The word “panigiri” describes a local festival the locals of an island organise in the courtyard of a church on the eve of the day the church’s saint is celebrated.
An event you should never miss
“Panigiria” have been around for centuries and it is an occasion for islanders to feast long into the night. Sometimes pilgrims may walk for hours to reach the white washed church and attend the festival. So in essence, the pleasure begins when one sets foot on the path to the church, as by walking you get the chance to take in unbelievable vistas of the sea and the landscape as well as take in the smells of the wild herbs along the way.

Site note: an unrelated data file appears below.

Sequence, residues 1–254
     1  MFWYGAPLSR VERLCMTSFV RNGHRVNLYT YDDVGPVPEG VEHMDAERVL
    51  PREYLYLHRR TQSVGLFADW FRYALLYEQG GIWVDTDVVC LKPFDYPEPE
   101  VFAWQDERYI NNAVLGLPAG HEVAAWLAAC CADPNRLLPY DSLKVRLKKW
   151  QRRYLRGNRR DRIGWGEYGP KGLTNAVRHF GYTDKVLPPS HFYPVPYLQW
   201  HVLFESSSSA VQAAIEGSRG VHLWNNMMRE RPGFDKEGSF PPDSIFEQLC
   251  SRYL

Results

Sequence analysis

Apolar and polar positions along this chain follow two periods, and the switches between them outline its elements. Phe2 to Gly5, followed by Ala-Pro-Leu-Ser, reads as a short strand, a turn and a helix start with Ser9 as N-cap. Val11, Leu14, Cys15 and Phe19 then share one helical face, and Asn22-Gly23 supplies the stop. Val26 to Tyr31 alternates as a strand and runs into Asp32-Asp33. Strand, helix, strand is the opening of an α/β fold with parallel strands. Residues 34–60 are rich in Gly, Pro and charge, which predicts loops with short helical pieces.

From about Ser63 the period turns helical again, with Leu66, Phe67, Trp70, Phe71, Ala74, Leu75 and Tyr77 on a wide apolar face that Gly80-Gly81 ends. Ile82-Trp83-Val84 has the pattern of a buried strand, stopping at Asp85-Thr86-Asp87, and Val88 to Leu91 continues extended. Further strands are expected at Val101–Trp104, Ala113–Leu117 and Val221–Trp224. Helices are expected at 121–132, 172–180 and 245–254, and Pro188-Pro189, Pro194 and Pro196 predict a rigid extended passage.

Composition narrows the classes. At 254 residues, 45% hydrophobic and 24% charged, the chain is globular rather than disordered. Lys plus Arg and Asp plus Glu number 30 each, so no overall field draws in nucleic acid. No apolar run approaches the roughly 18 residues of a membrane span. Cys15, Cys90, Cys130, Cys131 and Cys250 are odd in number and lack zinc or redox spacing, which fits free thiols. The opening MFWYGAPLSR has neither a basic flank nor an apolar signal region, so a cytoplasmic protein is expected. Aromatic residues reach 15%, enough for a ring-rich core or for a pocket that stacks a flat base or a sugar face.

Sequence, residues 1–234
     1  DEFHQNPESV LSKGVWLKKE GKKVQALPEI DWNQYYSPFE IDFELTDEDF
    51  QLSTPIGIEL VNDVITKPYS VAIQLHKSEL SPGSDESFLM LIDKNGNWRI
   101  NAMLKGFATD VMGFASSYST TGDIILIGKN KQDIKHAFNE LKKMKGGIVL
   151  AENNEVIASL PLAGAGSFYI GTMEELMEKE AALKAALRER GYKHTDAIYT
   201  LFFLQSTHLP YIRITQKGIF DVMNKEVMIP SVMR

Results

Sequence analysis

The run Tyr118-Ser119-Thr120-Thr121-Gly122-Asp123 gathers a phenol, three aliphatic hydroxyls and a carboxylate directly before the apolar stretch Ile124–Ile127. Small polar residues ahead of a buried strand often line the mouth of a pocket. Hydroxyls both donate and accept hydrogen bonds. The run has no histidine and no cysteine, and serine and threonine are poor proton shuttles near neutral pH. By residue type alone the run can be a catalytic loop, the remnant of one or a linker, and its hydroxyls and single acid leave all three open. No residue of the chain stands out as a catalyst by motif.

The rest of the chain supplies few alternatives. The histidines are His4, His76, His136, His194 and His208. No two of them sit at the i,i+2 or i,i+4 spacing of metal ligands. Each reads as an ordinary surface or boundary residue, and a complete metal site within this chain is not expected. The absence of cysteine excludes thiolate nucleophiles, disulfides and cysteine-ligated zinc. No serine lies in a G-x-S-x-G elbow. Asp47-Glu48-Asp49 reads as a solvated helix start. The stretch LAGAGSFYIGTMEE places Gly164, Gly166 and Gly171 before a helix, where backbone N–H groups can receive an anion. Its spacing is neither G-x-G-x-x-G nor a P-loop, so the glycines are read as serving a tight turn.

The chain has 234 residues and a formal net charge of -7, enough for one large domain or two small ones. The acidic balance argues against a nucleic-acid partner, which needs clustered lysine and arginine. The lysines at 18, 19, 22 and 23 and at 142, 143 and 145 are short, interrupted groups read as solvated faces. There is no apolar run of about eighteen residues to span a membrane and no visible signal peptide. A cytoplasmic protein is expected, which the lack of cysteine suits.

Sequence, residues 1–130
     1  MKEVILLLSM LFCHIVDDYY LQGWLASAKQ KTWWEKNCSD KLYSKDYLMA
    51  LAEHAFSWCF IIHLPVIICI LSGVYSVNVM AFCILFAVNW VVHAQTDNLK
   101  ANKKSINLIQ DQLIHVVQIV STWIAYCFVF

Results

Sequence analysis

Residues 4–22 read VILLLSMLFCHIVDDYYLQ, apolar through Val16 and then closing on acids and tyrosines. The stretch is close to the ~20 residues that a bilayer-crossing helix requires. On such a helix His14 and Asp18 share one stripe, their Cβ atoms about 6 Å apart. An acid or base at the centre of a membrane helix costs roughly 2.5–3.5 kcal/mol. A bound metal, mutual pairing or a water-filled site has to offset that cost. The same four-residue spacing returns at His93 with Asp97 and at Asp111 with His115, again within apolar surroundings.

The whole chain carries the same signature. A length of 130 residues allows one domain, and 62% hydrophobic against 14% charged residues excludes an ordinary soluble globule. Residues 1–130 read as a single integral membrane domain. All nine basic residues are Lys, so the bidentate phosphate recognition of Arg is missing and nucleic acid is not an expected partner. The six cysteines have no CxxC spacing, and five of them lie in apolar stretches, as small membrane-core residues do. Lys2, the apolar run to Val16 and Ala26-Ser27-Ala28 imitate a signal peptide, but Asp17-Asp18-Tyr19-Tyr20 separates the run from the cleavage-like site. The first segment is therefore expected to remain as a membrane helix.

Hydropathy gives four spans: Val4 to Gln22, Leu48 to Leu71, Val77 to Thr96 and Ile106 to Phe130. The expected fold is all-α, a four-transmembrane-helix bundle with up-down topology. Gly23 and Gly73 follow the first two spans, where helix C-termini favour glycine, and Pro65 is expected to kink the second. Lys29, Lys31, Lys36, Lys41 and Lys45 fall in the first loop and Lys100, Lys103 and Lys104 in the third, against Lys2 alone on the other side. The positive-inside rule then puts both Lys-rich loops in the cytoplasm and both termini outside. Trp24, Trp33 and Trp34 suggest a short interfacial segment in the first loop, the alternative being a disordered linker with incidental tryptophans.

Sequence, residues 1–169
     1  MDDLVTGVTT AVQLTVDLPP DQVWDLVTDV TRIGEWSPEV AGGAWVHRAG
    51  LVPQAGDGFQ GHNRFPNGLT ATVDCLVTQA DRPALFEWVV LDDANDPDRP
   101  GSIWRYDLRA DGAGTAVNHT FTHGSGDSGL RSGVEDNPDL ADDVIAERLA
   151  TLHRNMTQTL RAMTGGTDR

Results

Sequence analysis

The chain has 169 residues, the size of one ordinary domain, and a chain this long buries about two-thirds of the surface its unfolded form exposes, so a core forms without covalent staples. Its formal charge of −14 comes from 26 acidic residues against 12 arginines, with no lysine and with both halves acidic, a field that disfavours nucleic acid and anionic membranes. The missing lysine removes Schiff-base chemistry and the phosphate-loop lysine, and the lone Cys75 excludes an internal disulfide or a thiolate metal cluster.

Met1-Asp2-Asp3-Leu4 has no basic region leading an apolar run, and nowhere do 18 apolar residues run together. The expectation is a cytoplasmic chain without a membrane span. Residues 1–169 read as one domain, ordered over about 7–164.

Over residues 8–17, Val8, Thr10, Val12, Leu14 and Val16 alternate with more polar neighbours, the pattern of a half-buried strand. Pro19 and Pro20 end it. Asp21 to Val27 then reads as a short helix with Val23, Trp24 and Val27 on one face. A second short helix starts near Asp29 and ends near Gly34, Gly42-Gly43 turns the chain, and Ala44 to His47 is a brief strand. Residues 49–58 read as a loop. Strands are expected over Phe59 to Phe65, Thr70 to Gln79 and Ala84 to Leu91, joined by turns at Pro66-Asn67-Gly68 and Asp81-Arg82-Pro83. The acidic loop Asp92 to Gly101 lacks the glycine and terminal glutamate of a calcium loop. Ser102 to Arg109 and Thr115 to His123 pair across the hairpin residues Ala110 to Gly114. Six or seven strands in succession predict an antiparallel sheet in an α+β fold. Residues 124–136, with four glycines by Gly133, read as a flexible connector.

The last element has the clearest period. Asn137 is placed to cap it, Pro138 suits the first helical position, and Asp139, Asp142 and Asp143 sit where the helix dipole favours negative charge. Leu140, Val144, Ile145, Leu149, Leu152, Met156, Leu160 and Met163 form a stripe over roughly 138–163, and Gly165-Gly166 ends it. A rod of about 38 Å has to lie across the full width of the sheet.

The host of the festival is the “panigiras”, a local who has the honour to have the icon of the celebrated saint at home for a whole year and bring it back to the church on the day of the “panigiri” to be blessed during the liturgy. When the mass is over, the pilgrims sit down around the “tables of love” to taste soup, olives, meat with tomato sauce and pasta, cod and drink lots of wine toasting the “panigiras”. Afterwards people will dance and sing until the early morning hours. The following morning the next “panigiras” will take the holy icon to his home to keep for one more year.